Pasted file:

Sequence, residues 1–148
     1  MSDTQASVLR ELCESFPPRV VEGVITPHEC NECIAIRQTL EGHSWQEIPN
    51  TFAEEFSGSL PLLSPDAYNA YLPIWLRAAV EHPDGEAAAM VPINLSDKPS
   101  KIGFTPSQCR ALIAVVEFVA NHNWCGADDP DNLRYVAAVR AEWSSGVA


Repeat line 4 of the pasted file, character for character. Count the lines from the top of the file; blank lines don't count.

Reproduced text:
   101  KIGFTPSQCR ALIAVVEFVA NHNWCGADDP DNLRYVAAVR AEWSSGVA